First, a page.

“American Dreams” is being referred to by many critics as a contemporary “Will & Grace,” namely because of its heartwarming LGBTQ theme and a cast of quirky, talented young actors, including, as the puppeteer and narrator of the story, Jagger Spelling.
And while both shows also feature striking sets and superb acting, both “G & G” and “American Dreams” occasionally suffer from their very identity as narratives about, respectively, New York City and gay people, and simultaneously about family members, that the gay characters are constantly at war with.
If that might be understandable — these shows are TV adaptations of novels, with gay characters being a bit more colorful — the fight lines are drawn early in the first episode, which is about Steve, a lonely Brooklynite, falling in love with Gilyan, a guy who lives by the river. We’re led to believe that these two most basic elements of life are the underlying mission of Steve’s story. But that is certainly not the case.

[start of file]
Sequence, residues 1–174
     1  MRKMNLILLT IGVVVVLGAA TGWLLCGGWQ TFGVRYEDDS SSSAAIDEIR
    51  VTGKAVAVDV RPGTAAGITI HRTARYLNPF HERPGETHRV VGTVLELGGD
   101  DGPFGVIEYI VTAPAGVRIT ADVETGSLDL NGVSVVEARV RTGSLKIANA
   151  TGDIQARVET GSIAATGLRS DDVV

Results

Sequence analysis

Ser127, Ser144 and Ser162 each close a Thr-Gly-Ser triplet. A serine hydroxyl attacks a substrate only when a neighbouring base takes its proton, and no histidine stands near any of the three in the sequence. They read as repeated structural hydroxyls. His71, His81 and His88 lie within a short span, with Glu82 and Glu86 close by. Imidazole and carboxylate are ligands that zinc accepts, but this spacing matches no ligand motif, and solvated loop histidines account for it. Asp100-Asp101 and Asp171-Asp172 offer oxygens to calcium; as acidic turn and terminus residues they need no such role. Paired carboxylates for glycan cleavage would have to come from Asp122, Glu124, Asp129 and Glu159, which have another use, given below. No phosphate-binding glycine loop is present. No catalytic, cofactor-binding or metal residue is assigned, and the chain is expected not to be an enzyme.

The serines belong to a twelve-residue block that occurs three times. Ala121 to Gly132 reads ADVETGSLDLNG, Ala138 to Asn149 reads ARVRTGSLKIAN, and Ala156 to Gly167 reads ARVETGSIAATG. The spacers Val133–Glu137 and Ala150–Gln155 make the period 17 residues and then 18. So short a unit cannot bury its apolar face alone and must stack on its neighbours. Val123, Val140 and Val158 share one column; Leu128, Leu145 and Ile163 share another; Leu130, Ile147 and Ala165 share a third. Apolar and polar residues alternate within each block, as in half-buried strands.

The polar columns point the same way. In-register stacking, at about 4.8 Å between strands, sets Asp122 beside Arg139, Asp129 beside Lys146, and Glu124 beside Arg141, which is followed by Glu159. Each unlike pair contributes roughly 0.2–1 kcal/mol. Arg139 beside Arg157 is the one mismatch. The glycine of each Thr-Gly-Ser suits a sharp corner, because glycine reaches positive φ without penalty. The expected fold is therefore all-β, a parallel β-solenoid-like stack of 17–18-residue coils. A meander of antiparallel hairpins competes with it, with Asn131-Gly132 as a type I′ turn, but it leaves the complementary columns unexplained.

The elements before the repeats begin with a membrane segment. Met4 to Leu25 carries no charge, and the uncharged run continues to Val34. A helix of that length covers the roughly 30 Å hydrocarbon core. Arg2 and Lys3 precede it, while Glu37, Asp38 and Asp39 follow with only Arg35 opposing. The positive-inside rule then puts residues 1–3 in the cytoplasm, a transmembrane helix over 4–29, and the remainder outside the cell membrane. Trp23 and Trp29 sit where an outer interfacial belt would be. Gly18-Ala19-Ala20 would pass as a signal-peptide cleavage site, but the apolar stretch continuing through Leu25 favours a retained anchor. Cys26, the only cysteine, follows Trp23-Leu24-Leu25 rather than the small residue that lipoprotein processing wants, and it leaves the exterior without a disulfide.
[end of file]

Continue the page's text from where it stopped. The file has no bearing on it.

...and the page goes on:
Steve’s moral universe is so implausible that it’s ludicrous — and, as it happens, so is the gay character himself, played by Matt Sinclair. He is an earnest, girlish boy who follows stereotypical rules for gayness, lacks the self-assurance to take risks and sees himself as unlikable. He and Gilyan soon embark on a sea change, although Gilyan and Gilyan’s father (John Earl Jelks) do not know that, and can’t see the connection between their actions and his son’s. And since their world is straight, they don’t even know Steve is gay, although Gilyan is indeed spurned.
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